El Mariachi/Desperado

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Details At A Glance

Category Action Theatrical Trailer(s) El Mariachi:
Yes, 1 - 1.33:1, non-16x9, Dolby Digital 2.0
Yes, 1 - 1.33:1, non-16x9, Dolby Digital 2.0
Rating Other Trailer(s) El Mariachi:
Yes, 1 - Dolby Digital City
Year Released El Mariachi:
Commentary Tracks El Mariachi:
Yes, 1 - Robert Rodriguez (Director)
Yes, 1 - Robert Rodriguez (Director)
Running Time El Mariachi:
78:12 minutes
100:17 minutes 
Other Extras El Mariachi:
Featurette - The Ten Minute Film School (14 mins)
Filmographies - Cast and Crew
Short Film - Bedhead (10 mins)
Featurette - Ten More Minutes: An Anatomy of a Shootout (10 mins)
Filmographies - Cast and Crew
Music Videos, 2 - Los Lobos with Antonio Banderas Morena De Mi Corazon and Tito & Tarantula Back To The House That Love Built
RSDL/Flipper No/No
Cast & Crew
Start Up Menu
Region 2,4 Director Robert Rodriguez

Columbia TriStar
Starring El Mariachi:
Carlos Gallardo
Consuelo Gomez
Peter Marquardt
Antonio Banderas
Joaquim De Almeida
Salma Hayek
Steve Buscemi
Cheech Marin
Quentin Tarantino
Case Transparent Amaray
RRP $34.95 Music El Mariachi:
Marc Trujillo, Alvaro Rodriguez, Chris Knudson, Cecilio Rodriguez and Eric Guthrie
Los Lobos
Pan & Scan/Full Frame No MPEG None
Widescreen Aspect Ratio El Mariachi:
Dolby Digital El Mariachi:
16x9 Enhancement El Mariachi:
Soundtrack Languages El Mariachi:
Spanish (Dolby Digital 2.0, 256 Kb/s)
German (Dolby Digital 2.0, 256 Kb/s)
English Audio Commentary (Dolby Digital 2.0, 256 Kb/s)
English (Dolby Digital 5.1, 384 Kb/s) 
German (Dolby Digital 5.1, 384 Kb/s)
English Audio Commentary (Dolby Digital 2.0, 192 Kb/s)
Theatrical Aspect Ratio El Mariachi:
Macrovision Yes Smoking Yes
Subtitles El Mariachi:
as above except delete
Spanish (!)
Annoying Product Placement No
Action In or After Credits No

Plot Synopsis

    This DVD will go down in history as probably the only one that exists as a flipper without getting negative comments as a result. Of course, it would have been much better as an RSDL because it would have fit anyway. El Mariachi is the story of (funnily enough) a Mariachi (Carlos Gallardo) who travels into a remote town in search of work. After being turned away from one bar and lamenting the manner in which the combination of technology and music is robbing the Mexican people of their culture (a statement I applauded, myself), he finds himself being mistaken for Azul (Reinol Martinez), a man who happens to carry a massive arsenal around in a rather battered guitar case. Soon, every hired gun working for Moco (Peter Marquardt), against whom Azul has sworn revenge, is after the Mariachi. This, not unnaturally, makes for some fun action sequences and a surprisingly compelling romantic subplot with Domino (Consuelo Gomez) as a sweet Mexican bar owner who befriends the Mariachi in spite of her initial distrust. All in all, the film works well and belies its microscopic budget.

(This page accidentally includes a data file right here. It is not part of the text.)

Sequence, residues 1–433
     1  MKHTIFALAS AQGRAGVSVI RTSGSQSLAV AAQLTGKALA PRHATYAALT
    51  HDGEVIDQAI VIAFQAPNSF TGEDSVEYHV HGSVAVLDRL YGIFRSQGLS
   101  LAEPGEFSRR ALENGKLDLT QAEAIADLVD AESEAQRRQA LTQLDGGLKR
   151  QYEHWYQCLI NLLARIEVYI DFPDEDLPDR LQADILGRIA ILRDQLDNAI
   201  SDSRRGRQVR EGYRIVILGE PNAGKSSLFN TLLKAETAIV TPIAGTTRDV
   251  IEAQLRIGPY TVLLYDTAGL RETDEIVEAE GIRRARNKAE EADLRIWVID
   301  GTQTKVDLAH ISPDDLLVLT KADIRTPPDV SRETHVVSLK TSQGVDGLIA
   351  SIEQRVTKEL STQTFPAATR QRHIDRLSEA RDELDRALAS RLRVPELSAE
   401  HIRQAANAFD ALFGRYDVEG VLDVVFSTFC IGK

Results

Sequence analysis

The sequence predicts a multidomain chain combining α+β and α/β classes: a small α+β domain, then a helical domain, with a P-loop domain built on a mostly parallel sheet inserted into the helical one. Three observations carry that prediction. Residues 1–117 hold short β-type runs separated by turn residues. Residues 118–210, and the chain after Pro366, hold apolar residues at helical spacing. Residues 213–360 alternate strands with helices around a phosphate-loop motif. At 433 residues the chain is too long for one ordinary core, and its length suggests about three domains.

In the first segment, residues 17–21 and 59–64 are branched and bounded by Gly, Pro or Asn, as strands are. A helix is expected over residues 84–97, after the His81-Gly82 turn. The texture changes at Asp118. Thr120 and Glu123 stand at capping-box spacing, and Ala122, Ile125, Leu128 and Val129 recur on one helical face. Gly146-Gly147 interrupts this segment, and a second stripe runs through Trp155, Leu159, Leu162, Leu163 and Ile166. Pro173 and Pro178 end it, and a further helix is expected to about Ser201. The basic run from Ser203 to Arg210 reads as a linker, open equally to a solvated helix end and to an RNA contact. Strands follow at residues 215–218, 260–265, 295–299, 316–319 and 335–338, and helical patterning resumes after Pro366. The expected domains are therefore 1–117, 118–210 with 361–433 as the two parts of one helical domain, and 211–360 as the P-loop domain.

Desperado picks up a little while later. The Mariachi (now played by Antonio Banderas), after having witnessed the murder of his woman and losing his ability to play the guitar, is walking the streets. Bitter, and thirsty for revenge, he wanders into a town that looks exactly the same [it was shot in the same place], but Rodriguez never specifies any time or location so that's all fine. Along for the ride are the Mariachi's trusted partner (Steve Buscemi) and a new lover in the form of Salma Hayek, who is still in my opinion one of the single most overrated actors I have ever seen. Thankfully, her part in the film is quite minimal in terms of plot impact, but by the time the film is over, I was sorely wishing Navajas would rise from the dead to stick a few throwing knives in her. If I were the Mariachi, in fact, I would have thanked her for her surgical efforts by beating her to death. A terrible case of miscasting and poorly conceived lines, in any case. Cheech Marin puts in a great performance as a bartender loyal to local drug lord Bucho (Joaquim De Almeida). However, in this film the show is truly stolen by the knife-throwing Navajas (Danny Trejo, the Spanish Empire's answer to Arnold Schwarzenegger). This is a film where the saying "actions speak louder than words" really becomes true.